The 1,300 km commute (Part 3: Getting there)
Starting this May, $146.08 will buy you a direct flight from Kelowna to Fort McMurray.
The flight is scheduled to depart YLW at 7:30 a.m. and arrive at YMM at 10:23 a.m. (MST).
For about $15 more, a non-stop flight will take off from Fort McMurray at 10:25 p.m. and get you home by 11:27 p.m.
Ferio Pugliese, president of WestJet Encore, says the new connectivity is part of WestJet’s summer 2014 schedule, which he calls “the most extensive schedule” the company has launched in a while.
“We know in the valley you have a number of workers who are working up in the oil patch,” says Pugliese.
“As we assess demand for that sort of service, we hope we can continue to improve that sort of connectivity.”
The route will be serviced by a Canadian-made, 78-seat Bombardier Q400 NextGen turbo-prop plane.
“If you’re used to flying on turbo-props, one of the reputations they’ve had is for being noisy,” says Pugliese.
“This is a next generation aircraft; the Q in Q400 stands for quiet.”
When the Capital News first published a story about the new route last month, several readers were quick to share their excitement about the announcement.
“My wish has been answered,” wrote Aneka Trumble.
“Yes!” commented Lori Haggerty.
But the proposed flight times won’t necessarily work with everybody’s schedule.
The first part of this series introduced Neil Wells and Pamela Black.
Wells works six days on before getting six days off. His schedule requires him to work three day shifts, followed by three night shifts.
“The (flight) schedule that they’ve come up with right now won’t really benefit me,” says Wells.
“They’ve kind of tailored it to people getting off and flying that night.”
Since his final shift ends in the morning, he would have to wait an entire day to access the direct flight back home.
“I can get here by 1:30 p.m. by connecting through Calgary; if I was taking that direct flight I would be waiting until 10:30 p.m. to fly back.”
Nevertheless, he’s optimistic the new route may open the door to more flight options in the future.
Tony MacKenzie, another commuting worker interviewed for this series, says his company purchases his tickets to and from Fort McMurray through Air Canada. So the new WestJet Encore service may not impact him either.
But Kelowna Mayor Walter Gray, who is also chair of the Airport Advisory Committee, says the new flights will make it easier for many northern Alberta workers living in the Okanagan.
“We know there are almost 30,000 passengers annually who need to travel from Kelowna to the Fort McMurray area,” says Gray.
“Now they’re going to be able to do it much more conveniently.”
According to Sam Samaddar, airport director at Kelowna International Airport, the new Fort McMurray route, coupled with an additional flight to Edmonton, puts about 100,000 additional seats on the market for 2014.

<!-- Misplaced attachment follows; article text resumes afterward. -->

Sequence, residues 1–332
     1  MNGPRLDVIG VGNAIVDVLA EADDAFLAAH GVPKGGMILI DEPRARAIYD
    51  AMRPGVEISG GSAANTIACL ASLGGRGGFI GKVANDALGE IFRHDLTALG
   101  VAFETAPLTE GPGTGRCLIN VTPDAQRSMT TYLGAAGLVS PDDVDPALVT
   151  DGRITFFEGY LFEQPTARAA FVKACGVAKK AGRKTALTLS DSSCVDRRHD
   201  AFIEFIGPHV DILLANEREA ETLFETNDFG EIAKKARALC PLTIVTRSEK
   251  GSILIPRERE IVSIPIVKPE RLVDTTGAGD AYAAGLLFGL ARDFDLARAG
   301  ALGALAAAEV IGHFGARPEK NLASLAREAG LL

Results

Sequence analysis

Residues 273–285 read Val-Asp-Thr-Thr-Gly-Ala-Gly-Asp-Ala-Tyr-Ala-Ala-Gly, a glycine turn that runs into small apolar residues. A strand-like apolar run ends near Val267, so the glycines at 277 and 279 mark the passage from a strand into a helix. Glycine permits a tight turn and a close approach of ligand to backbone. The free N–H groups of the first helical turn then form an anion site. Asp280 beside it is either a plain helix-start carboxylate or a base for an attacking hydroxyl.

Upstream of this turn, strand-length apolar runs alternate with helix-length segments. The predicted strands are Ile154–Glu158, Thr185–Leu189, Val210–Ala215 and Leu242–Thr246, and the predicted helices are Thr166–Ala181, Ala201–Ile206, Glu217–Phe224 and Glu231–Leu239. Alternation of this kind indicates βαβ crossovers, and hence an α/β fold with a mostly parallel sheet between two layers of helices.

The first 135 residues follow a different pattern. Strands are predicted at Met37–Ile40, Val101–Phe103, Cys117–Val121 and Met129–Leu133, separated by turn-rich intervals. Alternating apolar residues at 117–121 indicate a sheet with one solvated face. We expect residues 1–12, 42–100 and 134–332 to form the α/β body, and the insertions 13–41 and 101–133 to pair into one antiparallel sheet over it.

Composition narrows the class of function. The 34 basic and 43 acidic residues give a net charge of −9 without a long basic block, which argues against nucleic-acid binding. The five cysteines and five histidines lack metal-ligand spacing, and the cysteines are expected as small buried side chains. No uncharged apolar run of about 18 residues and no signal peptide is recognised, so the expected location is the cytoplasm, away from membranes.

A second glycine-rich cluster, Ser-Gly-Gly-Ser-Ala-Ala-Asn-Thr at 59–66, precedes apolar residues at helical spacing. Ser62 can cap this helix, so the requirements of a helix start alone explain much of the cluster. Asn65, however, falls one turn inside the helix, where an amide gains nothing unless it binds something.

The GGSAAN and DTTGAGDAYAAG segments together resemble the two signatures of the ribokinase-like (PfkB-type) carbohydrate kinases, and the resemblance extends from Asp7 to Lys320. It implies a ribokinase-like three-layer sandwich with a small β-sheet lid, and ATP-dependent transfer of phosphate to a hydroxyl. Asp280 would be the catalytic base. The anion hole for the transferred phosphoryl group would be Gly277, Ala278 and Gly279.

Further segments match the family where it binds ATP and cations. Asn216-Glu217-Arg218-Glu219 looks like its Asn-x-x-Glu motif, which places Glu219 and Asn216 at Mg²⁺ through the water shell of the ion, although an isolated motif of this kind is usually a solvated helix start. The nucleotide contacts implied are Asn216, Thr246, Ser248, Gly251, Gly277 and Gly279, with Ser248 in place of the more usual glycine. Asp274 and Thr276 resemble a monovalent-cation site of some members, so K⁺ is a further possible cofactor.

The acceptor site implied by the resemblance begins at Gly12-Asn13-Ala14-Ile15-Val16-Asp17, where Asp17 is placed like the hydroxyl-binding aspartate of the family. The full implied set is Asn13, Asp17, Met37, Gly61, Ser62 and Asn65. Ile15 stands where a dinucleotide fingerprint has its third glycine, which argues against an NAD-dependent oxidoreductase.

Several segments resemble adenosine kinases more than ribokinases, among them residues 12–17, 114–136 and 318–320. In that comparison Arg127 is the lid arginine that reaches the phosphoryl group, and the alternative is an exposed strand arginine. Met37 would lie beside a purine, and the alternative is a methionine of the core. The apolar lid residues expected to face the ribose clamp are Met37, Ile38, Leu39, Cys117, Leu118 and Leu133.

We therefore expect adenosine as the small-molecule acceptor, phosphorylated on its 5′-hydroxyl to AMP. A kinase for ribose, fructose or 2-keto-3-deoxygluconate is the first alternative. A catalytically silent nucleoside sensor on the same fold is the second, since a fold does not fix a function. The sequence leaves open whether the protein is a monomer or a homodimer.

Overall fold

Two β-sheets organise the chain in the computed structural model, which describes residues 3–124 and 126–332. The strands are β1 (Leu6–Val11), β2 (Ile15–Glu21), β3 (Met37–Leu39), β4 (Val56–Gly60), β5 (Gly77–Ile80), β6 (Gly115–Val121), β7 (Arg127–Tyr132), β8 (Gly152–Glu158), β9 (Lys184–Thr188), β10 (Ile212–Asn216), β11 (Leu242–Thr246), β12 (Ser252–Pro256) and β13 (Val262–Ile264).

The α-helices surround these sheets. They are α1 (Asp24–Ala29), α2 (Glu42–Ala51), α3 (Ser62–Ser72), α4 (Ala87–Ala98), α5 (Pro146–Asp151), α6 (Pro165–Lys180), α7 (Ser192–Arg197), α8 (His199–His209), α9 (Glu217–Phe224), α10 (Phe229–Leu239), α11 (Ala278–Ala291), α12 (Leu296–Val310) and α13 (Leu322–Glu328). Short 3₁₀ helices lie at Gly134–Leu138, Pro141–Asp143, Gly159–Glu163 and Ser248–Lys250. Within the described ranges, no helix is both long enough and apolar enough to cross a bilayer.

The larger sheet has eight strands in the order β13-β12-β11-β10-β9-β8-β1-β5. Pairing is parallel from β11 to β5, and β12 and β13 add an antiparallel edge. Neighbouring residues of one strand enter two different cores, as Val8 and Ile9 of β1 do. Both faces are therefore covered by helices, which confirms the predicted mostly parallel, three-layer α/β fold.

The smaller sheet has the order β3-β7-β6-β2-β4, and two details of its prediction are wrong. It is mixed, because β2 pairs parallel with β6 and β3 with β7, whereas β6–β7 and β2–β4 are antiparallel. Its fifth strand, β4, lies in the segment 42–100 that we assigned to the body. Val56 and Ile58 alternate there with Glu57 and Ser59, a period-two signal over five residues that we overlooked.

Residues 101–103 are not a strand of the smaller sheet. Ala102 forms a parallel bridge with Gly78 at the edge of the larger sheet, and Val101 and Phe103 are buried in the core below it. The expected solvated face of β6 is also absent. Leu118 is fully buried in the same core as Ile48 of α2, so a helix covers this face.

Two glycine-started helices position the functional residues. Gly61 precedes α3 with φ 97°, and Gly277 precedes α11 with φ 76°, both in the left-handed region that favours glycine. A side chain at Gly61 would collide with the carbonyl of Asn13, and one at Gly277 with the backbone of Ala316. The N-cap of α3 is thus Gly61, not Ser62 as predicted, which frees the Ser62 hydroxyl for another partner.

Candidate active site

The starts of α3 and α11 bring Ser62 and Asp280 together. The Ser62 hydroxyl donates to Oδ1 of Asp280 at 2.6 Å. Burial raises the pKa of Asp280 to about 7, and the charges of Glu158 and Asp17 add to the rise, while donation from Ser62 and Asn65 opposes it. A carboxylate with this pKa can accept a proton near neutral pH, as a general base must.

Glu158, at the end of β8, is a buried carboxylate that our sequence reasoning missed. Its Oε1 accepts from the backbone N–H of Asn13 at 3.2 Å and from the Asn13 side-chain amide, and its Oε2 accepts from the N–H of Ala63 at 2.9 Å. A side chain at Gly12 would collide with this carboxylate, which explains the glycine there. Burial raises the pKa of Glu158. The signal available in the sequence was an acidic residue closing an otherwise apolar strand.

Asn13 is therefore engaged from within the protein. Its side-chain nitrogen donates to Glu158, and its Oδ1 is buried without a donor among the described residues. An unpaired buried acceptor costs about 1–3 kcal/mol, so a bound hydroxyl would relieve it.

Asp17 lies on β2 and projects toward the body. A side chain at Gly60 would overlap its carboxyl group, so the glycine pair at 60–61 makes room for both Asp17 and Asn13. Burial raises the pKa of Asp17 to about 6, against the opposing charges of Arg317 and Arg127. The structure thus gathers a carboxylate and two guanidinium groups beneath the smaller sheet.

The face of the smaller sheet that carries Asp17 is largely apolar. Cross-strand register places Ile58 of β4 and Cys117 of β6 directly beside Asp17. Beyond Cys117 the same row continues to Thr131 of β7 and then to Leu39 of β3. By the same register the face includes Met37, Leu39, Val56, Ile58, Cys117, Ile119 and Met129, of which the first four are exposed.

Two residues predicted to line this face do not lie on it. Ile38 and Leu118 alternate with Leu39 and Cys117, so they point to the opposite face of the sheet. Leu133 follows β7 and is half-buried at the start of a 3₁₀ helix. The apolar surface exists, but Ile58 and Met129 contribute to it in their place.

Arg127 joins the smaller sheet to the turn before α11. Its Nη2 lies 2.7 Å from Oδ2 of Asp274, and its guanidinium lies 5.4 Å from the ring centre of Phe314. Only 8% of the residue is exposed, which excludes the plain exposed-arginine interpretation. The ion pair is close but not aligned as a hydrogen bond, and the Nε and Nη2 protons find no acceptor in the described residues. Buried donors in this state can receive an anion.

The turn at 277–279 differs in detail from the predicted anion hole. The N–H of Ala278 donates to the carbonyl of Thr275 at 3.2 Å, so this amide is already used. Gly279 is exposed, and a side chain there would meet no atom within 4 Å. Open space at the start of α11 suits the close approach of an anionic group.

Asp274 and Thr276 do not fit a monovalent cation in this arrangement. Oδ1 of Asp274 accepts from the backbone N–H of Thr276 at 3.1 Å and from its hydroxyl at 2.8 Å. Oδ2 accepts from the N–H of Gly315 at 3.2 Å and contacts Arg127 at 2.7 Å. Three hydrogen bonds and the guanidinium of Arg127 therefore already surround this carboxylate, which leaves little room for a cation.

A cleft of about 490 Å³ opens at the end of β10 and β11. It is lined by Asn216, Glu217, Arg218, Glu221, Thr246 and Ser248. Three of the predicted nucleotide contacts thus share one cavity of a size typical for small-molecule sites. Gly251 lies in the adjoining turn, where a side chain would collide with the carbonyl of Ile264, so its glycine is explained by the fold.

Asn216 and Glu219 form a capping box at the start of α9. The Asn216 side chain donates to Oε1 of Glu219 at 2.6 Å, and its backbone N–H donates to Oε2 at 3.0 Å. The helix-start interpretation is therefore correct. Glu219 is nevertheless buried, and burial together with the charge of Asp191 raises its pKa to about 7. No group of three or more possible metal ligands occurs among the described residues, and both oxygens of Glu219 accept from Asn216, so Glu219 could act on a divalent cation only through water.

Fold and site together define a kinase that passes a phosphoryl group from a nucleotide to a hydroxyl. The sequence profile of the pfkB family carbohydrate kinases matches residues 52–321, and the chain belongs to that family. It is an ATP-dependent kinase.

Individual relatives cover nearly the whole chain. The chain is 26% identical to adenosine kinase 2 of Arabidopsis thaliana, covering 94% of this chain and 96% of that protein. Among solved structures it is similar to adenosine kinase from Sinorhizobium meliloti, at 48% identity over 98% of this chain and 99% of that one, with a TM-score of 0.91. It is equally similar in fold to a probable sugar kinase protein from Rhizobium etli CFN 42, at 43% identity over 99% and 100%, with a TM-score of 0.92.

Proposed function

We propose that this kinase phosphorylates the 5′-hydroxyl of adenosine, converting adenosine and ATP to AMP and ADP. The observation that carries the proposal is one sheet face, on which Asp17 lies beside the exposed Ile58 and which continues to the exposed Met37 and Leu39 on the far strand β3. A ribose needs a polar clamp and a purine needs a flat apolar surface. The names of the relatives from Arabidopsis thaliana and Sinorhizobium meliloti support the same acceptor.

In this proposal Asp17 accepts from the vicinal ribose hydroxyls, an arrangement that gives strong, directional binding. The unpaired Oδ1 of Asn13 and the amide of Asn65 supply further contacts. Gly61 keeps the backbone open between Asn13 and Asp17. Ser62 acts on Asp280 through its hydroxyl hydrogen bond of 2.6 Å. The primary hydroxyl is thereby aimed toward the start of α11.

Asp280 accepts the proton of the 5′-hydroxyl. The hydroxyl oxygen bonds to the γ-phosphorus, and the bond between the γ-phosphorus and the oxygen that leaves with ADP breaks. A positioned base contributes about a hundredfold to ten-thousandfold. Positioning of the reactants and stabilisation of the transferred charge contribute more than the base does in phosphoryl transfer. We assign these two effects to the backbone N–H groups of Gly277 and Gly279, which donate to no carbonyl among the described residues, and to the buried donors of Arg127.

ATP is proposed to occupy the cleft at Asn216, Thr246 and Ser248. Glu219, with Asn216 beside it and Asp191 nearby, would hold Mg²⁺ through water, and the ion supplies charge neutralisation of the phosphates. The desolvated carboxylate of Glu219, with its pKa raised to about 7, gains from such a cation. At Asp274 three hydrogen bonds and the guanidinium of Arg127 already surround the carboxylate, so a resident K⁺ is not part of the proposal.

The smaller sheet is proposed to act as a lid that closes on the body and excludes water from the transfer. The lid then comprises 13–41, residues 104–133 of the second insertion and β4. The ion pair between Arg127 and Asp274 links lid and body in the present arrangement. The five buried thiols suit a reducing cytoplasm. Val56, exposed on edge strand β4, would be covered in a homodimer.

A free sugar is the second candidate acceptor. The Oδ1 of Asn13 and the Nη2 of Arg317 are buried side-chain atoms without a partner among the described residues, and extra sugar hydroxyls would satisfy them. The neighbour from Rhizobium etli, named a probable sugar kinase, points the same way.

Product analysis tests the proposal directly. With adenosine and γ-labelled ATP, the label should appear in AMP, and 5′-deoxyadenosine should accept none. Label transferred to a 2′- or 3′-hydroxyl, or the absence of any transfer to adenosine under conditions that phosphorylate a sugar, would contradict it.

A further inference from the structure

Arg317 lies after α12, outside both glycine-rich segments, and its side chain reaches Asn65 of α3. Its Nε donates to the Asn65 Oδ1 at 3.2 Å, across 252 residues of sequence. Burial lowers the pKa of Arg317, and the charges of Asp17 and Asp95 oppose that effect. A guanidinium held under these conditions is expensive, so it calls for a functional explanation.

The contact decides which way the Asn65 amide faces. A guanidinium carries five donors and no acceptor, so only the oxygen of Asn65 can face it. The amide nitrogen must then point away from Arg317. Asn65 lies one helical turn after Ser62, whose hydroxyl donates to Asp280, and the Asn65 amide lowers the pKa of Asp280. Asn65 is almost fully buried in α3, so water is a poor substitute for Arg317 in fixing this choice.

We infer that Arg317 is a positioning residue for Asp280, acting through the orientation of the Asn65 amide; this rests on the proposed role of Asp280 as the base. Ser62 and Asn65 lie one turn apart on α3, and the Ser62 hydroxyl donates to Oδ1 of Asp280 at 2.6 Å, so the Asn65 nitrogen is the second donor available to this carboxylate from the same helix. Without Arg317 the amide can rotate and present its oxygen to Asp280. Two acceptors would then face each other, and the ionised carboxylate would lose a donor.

Last year, YLW accommodated more than 1.5 million passengers.
Although it’s clear many commuting workers will take advantage of the flights, Samaddar says the new route will also likely appeal to tourists.
“There’s a very prevalent group of people who like to go snowmobiling out of the Fort Mac area. There’s (also) golf and all those other activities that we have here in the summertime,” says Samaddar.
“When people are on a seven-day or two-week scheduled day off period, they’ll be able to use that time to come to the Kelowna region and take advantage of those activities.”
Central Okanagan Economic Development Commission executive director Robert Fine says there is plenty of demand for the new route connecting YLW and YMM.
At last year’s Fort McMurray home show, several people told him they’d consider living in the Kelowna area if there was direct air service to Fort McMurray.
“We came back from that show about a year ago and started…putting the pitch in for Fort Mac being our number one requested location,” says Fine.
“It was great news when it came because it was a fast turnaround from when we started working on this.”
The growing number of travellers to and from Fort McMurray may also help support a brand new shuttle service from Kelowna to Osoyoos.
“We’re in the final stage of preparing a request for proposals for the beginning of a new bus shuttle service that will run from Osoyoos to the (Kelowna) airport, and daily service from (the airport) going south,” says Robert Linttell, transportation chair with the South Okanagan Chamber of Commerce.
“The vision is to create a reliable, cost-effective, well-recognized straight shuttle service that will stop in each of the communities.”
He notes the shuttle may be advantageous to visitors from northern Alberta who want to visit the South Okanagan.
It may also give commuting workers in the South Okanagan another option to get to the airport.
“At this time, we’re hoping the service would start on or before the first of May.”
Deciding to commute 1,300 km for work is a decision that, in one way or another, impacts all of us.
Many of those impacts are positive.
Large pay cheques can spill into our local economy; new transportation routes can be created; families can be relieved of financial stress.
But there are less desirable impacts, as well.
Work schedules can keep commuting workers away from emergencies back home; children can struggle with having mom or dad away for weeks or even months at a time; distance can pick away at the fabric of relationships.
But, for about 5,000 locals, the 1,300 km commute is life—whether or not they want it to be.
Other stories in the series: